Boston Red Sox owner John Henry has denied his team is focused on reducing payroll below the luxury-tax threshold this winter in order to reset penalties, according to Dan Shaughnessy of The Boston Globe.
Henry - who owns both the Red Sox and the Globe - made the remarks in an email exchange with Shaughnessy published Saturday. Shaughnessy contacted Henry, Red Sox chairman Tom Werner, and CEO Sam Kennedy to ask whether the team had planned to publicly disclose the mandate to cut payroll before Henry did so at a September news conference.
"You might actually be right for once in that I don't plan what I'm going to say before answering media questions in a live media event," Henry wrote to Shaughnessy. "But this focus on (the competitive balance threshold) resides with the media far more than it does within the Sox.
"I think every team probably wants to reset at least once every three years - that's sort of been the history - but just this week ... I reminded baseball ops that we are focused on competitiveness over the next five years over and above resetting, to which they said, 'That's exactly how we've been approaching it.'"
The Red Sox were one of three teams to pay penalties for exceeding the luxury-tax threshold in 2019, earning a $13.4-million tax bill after running a league-high $229-million payroll last year.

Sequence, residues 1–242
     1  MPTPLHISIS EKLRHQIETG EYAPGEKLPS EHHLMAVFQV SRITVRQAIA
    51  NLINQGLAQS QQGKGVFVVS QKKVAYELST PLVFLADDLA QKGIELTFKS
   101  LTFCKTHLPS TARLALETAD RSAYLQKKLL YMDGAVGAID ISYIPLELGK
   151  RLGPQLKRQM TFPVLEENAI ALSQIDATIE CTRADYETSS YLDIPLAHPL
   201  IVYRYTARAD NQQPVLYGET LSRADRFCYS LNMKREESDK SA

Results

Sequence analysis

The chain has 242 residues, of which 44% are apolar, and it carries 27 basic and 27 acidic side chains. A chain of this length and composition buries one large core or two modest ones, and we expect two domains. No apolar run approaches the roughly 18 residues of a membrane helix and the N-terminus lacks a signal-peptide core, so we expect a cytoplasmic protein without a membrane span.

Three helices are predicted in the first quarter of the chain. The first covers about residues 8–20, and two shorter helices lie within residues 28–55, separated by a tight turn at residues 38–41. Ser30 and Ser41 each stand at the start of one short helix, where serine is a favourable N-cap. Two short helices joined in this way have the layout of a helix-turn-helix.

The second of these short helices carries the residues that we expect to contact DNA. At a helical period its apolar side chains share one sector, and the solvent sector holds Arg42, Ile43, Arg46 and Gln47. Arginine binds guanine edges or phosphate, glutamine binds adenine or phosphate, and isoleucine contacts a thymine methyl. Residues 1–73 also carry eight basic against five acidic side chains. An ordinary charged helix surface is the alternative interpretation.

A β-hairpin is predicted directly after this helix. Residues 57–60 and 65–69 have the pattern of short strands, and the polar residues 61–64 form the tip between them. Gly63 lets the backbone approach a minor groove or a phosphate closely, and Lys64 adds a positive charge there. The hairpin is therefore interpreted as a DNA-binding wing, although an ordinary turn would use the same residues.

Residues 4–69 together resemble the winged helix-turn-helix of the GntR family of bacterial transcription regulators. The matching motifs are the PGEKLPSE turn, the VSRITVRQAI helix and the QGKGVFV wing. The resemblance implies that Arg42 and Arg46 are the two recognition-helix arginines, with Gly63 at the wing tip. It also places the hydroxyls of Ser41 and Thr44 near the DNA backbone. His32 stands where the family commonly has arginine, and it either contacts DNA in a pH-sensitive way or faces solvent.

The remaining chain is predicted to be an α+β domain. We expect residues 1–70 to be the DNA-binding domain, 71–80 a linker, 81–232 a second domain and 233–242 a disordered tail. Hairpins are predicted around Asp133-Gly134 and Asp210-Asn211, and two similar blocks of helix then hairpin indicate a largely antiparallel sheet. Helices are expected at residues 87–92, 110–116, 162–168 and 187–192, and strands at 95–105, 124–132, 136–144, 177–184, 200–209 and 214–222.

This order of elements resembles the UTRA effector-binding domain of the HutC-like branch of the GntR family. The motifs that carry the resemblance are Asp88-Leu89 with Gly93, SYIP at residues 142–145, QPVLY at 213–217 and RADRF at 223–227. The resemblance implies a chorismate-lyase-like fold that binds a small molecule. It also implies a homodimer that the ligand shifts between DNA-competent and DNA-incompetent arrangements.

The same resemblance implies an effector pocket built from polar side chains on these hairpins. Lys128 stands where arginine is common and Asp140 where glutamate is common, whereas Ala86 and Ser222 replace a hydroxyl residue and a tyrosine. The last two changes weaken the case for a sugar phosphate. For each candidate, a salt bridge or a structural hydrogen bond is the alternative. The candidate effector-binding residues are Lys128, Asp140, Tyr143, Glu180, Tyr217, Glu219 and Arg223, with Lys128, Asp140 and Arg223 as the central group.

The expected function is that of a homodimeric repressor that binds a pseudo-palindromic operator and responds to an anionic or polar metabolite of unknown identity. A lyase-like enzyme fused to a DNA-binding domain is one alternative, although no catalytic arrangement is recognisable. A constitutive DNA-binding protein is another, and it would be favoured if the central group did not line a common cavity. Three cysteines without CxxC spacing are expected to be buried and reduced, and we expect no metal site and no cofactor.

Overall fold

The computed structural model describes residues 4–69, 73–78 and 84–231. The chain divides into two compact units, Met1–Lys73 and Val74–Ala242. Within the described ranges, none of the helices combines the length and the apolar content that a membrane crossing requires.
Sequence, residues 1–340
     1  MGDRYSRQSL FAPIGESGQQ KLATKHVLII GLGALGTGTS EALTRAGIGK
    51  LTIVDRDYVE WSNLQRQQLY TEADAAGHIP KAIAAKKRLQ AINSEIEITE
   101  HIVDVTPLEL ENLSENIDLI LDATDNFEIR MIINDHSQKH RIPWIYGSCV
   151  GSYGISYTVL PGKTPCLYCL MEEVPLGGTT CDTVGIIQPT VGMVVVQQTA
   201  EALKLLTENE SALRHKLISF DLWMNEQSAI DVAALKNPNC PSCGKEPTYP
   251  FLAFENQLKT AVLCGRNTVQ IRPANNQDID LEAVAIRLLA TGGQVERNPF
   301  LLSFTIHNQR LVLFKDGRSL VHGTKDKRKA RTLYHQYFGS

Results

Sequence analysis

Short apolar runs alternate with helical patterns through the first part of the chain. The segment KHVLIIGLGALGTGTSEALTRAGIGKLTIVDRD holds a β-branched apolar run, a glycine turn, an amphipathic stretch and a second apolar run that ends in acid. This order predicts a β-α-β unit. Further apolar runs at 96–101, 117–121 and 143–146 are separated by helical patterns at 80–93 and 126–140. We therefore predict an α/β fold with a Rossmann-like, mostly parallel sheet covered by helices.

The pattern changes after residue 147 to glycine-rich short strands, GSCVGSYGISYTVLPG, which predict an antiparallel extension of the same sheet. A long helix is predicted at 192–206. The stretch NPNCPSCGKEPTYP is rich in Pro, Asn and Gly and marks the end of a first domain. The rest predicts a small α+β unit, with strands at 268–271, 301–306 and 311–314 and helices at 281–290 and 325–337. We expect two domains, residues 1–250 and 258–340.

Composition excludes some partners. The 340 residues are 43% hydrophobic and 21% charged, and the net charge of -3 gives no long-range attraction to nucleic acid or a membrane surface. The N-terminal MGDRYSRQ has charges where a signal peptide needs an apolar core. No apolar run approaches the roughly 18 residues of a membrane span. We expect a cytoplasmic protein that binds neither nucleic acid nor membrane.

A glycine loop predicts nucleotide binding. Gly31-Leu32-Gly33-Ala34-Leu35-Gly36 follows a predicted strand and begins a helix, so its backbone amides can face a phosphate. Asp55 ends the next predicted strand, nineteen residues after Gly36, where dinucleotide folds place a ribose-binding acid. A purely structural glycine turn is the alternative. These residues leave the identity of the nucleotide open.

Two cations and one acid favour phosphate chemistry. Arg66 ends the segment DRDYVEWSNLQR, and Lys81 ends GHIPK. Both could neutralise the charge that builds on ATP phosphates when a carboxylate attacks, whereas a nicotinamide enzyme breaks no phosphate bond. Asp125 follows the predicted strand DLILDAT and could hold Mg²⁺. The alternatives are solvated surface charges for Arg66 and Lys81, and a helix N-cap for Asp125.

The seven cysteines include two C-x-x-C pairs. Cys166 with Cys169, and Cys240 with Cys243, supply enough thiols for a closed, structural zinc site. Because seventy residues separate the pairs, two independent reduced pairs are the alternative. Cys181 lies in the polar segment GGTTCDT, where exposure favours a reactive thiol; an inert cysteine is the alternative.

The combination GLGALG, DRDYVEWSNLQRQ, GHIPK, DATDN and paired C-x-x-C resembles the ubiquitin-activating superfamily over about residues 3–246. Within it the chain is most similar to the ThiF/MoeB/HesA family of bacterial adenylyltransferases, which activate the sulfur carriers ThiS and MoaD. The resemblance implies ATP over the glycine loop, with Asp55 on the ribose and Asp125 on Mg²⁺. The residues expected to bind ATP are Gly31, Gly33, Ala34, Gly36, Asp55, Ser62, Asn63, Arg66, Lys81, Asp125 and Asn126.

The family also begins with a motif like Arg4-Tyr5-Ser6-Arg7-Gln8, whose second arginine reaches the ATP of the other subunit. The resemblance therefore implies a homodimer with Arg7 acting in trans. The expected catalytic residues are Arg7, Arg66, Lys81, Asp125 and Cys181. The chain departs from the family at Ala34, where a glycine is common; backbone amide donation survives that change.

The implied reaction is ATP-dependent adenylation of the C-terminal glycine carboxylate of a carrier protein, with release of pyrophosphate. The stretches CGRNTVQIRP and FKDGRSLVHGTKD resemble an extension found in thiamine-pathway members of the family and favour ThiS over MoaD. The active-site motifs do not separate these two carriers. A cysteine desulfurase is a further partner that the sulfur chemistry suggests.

In September, Henry told reporters, "We need to be under the CBT (in 2020) and that was something we've known for more than a year now."
Boston fired Dave Dombrowski, who built the 2018 World Series-winning team on the backs of multiple massive contracts, shortly before Henry's payroll remarks. The Red Sox hired Chaim Bloom as chief baseball officer from the notoriously cost-conscious Tampa Bay Rays early in the offseason.
"You seem to think Chaim was brought in to reduce payroll. That has simply not been the way (Fenway Sports Group) operates here or across the pond," Henry added. "We try to act responsibly so as to be consistently competitive. Your main point seems to be that I accidentally disclosed a secret plan but unlike you, I am honest about Sox issues. The question was asked and I answered it."
Werner also responded to Shaughnessy, stating: "Our plan has been the same since 2002, namely to be competitive year in and year out. That is the charge for Chaim."
Boston's tax issues have sparked rumors that the Red Sox are looking to move multiple high-priced pieces this winter. Star outfielder Mookie Betts has featured prominently in rumors given he's one year from free agency and has yet to engage in meaningful discussions with the team regarding a long-term deal.
Betts and the Red Sox avoided arbitration Friday, agreeing to a reported record $27-million contract for 2020.